Was the work fake or authentic?
A few days ago, EngineLabs shared a before-and-after photo of damaged cylinder head on its Facebook page. The photo was originally posted by Noonan Race Engineering on its Facebook page. It was composite showing a closeup a heavily damaged combustion chamber and the finished repair work.
Within minutes, many readers were crying foul and charging that the two combustion chambers were not the same:
- “Not the same head. Pay attention to detail.”
- “Two different heads. Look at the holes are backwards.”
- “Wow, they even moved the spark plug and changed the bolt pattern.”
- “That is not the same head, and yes, I am a cylinder head tech.”
- “Not the same head, guys.”
- “Please tell how they are not the same head.”
Turns out that all the skeptics know less about photography than cylinder-head repair. Plenty of other readers noticed that the head was simply photographed from different sides.
Just to be sure, EngineLabs contacted Alan McCoy, operations manager and machinist at Noonan, a racing parts and engineering company based in Queensland, Australia. Noonan is best known for designing the X1 billet cylinder head used by Pro Mod and Top Alcohol racers.
“We find it quite amusing some of the comments that are seen on Facebook,” says McCoy. “The before and after photos that were posted are definitely the same chamber from the same cylinder head.”
The head is not an X1 but rather a competitor’s model used by nostalgia funny car racer Peter Leahy.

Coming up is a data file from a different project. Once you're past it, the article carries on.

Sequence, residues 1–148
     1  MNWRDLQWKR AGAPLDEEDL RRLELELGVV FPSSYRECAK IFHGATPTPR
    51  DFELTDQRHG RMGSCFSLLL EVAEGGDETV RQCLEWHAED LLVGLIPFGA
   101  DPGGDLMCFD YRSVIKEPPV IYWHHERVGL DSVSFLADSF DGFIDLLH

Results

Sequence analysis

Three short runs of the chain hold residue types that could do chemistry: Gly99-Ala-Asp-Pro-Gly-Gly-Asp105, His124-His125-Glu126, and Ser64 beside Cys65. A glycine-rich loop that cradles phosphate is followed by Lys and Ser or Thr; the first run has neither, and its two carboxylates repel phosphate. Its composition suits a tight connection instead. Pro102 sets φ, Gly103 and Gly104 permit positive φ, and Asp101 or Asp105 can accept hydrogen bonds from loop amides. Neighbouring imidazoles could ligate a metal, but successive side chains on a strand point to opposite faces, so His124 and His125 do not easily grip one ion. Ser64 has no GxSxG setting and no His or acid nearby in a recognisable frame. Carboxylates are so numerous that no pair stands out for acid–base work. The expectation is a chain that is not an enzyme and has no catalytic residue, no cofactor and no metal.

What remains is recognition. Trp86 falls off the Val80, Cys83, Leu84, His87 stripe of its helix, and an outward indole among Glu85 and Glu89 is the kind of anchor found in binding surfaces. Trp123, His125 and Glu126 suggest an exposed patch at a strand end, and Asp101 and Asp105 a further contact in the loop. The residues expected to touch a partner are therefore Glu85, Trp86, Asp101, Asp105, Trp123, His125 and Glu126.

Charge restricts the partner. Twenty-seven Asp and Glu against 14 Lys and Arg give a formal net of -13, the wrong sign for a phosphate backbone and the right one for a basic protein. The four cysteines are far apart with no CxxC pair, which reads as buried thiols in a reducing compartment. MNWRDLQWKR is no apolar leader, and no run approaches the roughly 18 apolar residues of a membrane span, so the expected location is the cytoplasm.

What caused the damage?
Cause of the damage is uncertain. McCoy says the usual culprit is bottom-end failure or over-revving. This head was brought in bare, but other times the Noonan technicians have to remove broken valve heads or bent valve stems. The next step is to replace damaged valve guides.
“These are a flanged steel guide with a guide liner inside,” explains McCoy. “If the guide is bent, we machine off the guide and flange down to the head on the valve-spring side with a manual mill and drive out the remaining guide into the port. This way the parent guide bore in the head does not get swaged by the bent guide.”
The seat inserts are removed, then CNC mills and seat machines are used to premachine the chambers in preparation for welding.
“Aluminum must be machined back to clean the material,” says McCoy, “to prevent impurities entering the weld.”
The chambers and insert recesses are then TIG welded to repair damage and build up sufficient material in the chamber.
“It’s important not to overheat the material to prevent a hardness dropoff,” says McCoy.
The chamber can then be CNC machined and the insert recesses recut. Average rebuild time is four to 12 hours per chamber, according to McCoy.
“If the heads are fairly tired, we generally recommend surfacing the heads .005-inch to .010-inch or so,” sums up McCoy. “Then we can re-machine all chambers and seats back to original heights, restoring the chamber volume to a like new condition.”
Noonan promised to photograph the steps for EngineLabs the next time a similar head case comes to the shop.